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In mining, most of Canada more corrupt than Botswana, Chile: study

The Williams mine is an underground and open pit mine at Barrick Gold's Hemlo property, located approximately 350 kilometres east of Thunder Bay, Ontario.


Most of Canada is more corrupt than Botswana and Chile when it comes to mining, according to a survey of mining companies worldwide.

The Northwest Territories, Nunavut, Quebec, Manitoba, British Columbia and Alberta – which represent almost three-fourths of Canada's land area – were judged to have greater corruption than the African and South American countries, the survey by the Fraser Institute showed. Saskatchewan was seen as Canada's least corrupt region.

"It's something that plagues mining companies around the world," Fred McMahon, co-ordinator of the survey with Miguel Cervantes, said in a telephone interview from Toronto on Thursday. "It's particularly problematic for Western mining companies, which have internal codes of conduct that prevent payoffs."

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The annual survey by the Vancouver-based institute was sent to about 5,000 mining companies around the world, and the results were based on 802 responses. The survey took place between October and December last year.

"This year we added a new question on corruption, and there are a few surprises," Mr. McMahon and Mr. Cervantes said in their 130-page report presenting the findings of the survey.

Responses are kept anonymous, and the report didn't cite examples of corruption in Canada's north. The survey also doesn't provide a breakdown of the number of respondents from each country.

"It's clearly a concern, though a concern amongst a minority of miners," Mr. McMahon said in the interview. "I doubt there's big money passing hands, but it might be a favour here or a favour there."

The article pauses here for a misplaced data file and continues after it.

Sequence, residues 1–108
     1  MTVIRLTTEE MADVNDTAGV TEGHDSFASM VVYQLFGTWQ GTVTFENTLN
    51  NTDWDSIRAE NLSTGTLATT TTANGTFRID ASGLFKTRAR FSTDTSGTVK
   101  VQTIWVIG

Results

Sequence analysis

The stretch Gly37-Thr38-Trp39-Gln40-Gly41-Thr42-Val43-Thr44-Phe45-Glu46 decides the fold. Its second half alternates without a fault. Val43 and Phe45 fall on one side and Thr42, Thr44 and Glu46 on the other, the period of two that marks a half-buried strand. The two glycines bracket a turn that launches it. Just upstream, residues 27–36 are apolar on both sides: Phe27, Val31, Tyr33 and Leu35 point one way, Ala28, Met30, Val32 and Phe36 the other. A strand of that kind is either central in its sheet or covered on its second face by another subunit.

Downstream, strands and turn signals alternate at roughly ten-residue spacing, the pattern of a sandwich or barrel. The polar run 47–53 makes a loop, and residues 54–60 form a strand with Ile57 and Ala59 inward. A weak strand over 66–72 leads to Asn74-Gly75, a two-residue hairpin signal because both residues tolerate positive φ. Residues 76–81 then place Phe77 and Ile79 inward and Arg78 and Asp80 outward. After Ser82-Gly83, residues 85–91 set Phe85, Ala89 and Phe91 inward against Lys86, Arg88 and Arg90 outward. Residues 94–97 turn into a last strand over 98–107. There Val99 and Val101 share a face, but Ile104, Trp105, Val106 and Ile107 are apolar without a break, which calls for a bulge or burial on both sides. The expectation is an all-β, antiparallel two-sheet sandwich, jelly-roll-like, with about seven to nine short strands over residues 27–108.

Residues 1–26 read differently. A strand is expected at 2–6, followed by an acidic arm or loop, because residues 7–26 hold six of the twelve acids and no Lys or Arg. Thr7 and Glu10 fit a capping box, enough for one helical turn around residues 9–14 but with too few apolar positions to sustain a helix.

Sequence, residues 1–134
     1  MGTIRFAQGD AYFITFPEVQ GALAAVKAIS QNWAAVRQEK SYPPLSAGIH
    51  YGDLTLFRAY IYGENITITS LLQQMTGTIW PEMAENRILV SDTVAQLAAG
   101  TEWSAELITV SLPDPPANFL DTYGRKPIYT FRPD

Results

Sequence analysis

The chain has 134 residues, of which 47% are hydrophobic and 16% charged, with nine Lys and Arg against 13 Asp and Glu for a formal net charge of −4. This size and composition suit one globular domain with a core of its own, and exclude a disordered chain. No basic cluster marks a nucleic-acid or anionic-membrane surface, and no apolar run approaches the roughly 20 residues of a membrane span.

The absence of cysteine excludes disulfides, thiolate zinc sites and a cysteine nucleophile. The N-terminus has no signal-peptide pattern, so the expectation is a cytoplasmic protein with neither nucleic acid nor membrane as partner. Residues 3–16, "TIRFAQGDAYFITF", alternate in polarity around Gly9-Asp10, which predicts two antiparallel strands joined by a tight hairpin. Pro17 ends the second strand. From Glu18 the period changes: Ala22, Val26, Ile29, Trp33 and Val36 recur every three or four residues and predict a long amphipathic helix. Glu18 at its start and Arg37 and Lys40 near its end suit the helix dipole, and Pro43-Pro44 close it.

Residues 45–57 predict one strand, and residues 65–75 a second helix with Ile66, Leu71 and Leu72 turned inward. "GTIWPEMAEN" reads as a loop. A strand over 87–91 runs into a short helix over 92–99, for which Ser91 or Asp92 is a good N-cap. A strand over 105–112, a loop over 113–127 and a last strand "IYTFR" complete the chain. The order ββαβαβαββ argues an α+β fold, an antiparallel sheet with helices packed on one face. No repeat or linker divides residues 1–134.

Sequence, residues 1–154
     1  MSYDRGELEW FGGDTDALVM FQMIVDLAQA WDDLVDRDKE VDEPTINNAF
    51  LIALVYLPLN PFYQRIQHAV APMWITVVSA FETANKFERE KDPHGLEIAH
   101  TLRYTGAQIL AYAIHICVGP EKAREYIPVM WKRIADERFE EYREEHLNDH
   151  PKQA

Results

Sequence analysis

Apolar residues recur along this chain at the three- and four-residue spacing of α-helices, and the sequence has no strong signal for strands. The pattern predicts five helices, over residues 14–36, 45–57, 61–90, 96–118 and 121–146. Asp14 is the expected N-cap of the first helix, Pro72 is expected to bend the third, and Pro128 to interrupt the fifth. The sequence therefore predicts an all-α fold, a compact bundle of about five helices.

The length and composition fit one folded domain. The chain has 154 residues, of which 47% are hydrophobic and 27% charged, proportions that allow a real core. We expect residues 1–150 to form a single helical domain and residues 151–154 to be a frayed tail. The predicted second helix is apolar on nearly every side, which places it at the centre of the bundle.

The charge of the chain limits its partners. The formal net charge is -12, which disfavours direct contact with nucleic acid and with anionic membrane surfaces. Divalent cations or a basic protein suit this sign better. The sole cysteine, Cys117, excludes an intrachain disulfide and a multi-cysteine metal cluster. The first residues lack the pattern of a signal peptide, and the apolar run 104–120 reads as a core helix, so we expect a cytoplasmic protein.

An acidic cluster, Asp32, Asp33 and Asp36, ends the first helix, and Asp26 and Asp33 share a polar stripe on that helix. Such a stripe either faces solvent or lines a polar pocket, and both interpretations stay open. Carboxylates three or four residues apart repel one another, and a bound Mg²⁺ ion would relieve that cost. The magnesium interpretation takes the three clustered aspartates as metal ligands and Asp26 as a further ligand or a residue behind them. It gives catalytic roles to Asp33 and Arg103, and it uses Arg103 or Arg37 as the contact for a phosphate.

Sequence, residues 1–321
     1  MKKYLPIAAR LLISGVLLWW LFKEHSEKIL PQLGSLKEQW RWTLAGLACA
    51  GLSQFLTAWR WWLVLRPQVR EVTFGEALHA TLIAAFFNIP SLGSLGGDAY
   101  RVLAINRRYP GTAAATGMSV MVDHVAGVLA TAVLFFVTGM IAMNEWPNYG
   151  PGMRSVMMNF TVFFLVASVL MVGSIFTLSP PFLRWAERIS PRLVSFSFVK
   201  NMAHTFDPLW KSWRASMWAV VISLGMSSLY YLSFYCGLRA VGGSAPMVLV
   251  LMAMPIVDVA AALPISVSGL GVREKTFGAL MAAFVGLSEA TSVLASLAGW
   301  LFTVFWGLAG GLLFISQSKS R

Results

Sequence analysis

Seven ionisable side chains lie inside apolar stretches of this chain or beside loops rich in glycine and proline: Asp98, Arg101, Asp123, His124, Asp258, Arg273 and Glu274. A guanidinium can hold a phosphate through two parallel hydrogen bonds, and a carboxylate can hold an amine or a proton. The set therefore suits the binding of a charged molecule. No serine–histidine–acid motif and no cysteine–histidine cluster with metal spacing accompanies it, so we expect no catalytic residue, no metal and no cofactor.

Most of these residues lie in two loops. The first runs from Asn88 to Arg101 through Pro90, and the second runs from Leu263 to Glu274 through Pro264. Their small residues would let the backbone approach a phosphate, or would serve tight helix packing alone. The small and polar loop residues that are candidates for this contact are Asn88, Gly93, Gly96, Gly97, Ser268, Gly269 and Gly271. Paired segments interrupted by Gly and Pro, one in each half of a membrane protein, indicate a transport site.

All of Canada's provinces and territories, as well as Botswana and Chile, were in the least-corrupt half of the 93 regions that were evaluated. Still, 20 per cent of respondents rated corruption in the Northwest Territories as being a "mild deterrent" to mining exploration, a "strong deterrent," or "would not pursue investment due to this factor." That compares with 15 per cent of responses about Nunavut, 11 per cent regarding Quebec, and 100 per cent for India.

Sweden, Norway and Finland were considered the least-corrupt countries.

The survey also allowed the Fraser Institute to rank regions on a Policy Potential Index, meant to measure how attractive they are for mining exploration based on government policies, regulations, taxation, political stability and security.

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New Brunswick soared in the rankings to take the top spot. Quebec continued to drop in attractiveness, ending fifth after having been No. 1 in the late 2000s and fourth last year. The province's changes to mining laws and an unexpected mining tax were behind the decline, Mr. McMahon said.

"I expected Quebec to have a much bigger fall than it did," Mr. McMahon said. "Mining companies expect to pay taxes, they just don't like surprises."

"The single most important thing in the survey can be summed up in one word, and that's 'certainty,'" Mr. McMahon said. "Miners expect to follow regulations, expect to respect the environment, expect to pay taxes. But what they want to know is that the regulations say what they actually mean, and that the regulatory outcome is transparent and predictable. If you meet the rules, you get the go-ahead, and if you don't meet the rules, you get rejected."

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